“Whom the gods wish to destroy, they send 40 years of success” - an old proverb
Recently, I have been thinking about this old proverb which I read many years ago in a book. Too many times, as people and organizations become successful, they limit the scope of what they are learning and instead focus more on doing the same thing repeatedly. Over time, they become blind to their surroundings and blind to the problems that are surfacing internally. They tell themselves that what has worked in the past will continue to work in the future. Perfection and doing becomes more important than progress and learning.
For those of us who want sustainable success, there are many opportunities to gain new perspectives and insights this spring. Here is a sampling of some excellent reading and on-line videos that I have discovered and enjoyed recently.
First, there is an wonderful article in the May 2011 issue of the Harvard Business Review called “Being More Productive” which is an interview of David Allen, author of Getting Things Done and Tony Schwartz, author of The Power of Full Engagement and Be Excellent at Anything. Both authors have been discussed at past From Vision to Action Executive Roundtables so I was delighted to read this interview of them. Given both authors are two of the world’s foremost authorities on increasing personal efficiency, it was great to read this edited conversation with the HBR, particular the way they discuss their own approaches and what they’ve learned from each other’s work.
As the article explains, “Allen has developed a system of time management that encourages workers to regularly make to-do lists - and helps them blast through the items on them. Breaking down big tasks into smaller “next actions” can help people stay focused and productive, he argues, and multi-tasking is avoided at all costs.”
Schwartz, on the other hand, “focuses on workers’ attitudes and how organizations can help them achieve a mental state that keeps their energy high. People should work for 90 minutes and then take a break to recover...”
Overall, it is a good article. Here is a link to the on-line version: http://hbr.org//2011/05/being-more-productive/ar/1
Second, I enjoyed a great on-line article called “Leadership begins with an inner journey” by James M. Kouzes and Barry Z. Posner, authors of numerous books including, A Leader’s Legacy. Jossey-Bass, 2006, from the Spring 2011 issue of Leader To Leader magazine published by the Leader to Leader Institute. The title of this article says it all and the article is marvelous and thought-provoking. Here is the link and happy reading: http://www.leadertoleader.org/knowledgecenter/journal.aspx?ArticleID=864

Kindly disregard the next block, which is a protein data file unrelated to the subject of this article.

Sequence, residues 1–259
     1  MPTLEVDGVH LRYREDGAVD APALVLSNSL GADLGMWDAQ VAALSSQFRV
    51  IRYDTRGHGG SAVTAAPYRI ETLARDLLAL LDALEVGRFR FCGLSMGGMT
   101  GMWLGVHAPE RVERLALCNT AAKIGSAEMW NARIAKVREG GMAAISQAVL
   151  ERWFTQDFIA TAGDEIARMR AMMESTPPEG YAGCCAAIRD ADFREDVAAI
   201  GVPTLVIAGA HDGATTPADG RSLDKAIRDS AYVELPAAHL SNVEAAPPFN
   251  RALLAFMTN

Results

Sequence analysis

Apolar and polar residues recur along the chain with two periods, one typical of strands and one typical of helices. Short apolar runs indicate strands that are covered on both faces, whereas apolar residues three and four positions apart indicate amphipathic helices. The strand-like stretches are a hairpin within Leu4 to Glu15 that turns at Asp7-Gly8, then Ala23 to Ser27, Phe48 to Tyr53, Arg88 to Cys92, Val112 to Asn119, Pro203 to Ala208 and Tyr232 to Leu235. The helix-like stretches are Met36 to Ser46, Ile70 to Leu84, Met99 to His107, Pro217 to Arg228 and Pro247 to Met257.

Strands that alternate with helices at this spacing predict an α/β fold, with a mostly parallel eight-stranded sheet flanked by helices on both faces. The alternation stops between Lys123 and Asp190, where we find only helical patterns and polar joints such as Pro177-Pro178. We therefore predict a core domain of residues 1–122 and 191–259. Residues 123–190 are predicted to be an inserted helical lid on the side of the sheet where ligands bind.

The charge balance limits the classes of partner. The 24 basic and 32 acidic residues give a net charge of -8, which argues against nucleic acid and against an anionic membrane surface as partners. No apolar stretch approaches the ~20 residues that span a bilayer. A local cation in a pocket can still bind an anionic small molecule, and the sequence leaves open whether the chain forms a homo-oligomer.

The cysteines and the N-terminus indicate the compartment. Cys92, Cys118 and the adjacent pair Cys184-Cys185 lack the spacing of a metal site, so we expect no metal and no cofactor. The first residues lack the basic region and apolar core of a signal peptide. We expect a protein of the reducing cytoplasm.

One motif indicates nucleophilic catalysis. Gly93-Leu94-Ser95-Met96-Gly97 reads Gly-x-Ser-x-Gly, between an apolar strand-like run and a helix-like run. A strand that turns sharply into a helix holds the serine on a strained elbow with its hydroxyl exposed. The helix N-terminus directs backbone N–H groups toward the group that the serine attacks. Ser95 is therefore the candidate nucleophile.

Third, for those of you who are fans of the work of John Kotter and his 8 Step model of organizational change, I encourage you to check out his blog at the Forbes magazine web site. Here is the link: http://blogs.forbes.com/johnkotter/. His April 27th entry called “The Biggest Mistake I see: Strategy First, Urgency Second” is well worth the time to read and discuss with your team. There even is a video post if you would like to hear him speak!
Fourth, there is a great video post called “How Top CEOs Cope with Constant Change” on the Harvard Business Review website of an interview with Justin Menkes, author of Better Under Pressure, about how today’s leaders need realistic optimism, subservience to purpose and the ability to find order in chaos. If you are not a CEO, it is still worth the time to watch this video post. Good thinking about a very important topic.
Finally, on Jim Collin’s website is a delightful video post about the concept of “Preserve the Core - Stimulate Progress” from his first book that he co-authored with Jerry Porras called Built To Last. If you have not heard him speak, this is a great way to learn his material. Click on the following link and you will find multiple video and audio options for your review: http://www.jimcollins.com/media_topics/all.html
Enjoy the above learning opportunities and keep seeking a sustainable definition of success.
Geery Howe, M.A.Consultant, Executive Coach, Trainer inLeadership, Strategic Planning and Organizational ChangeMorning Star Associates319 - 643 - 2257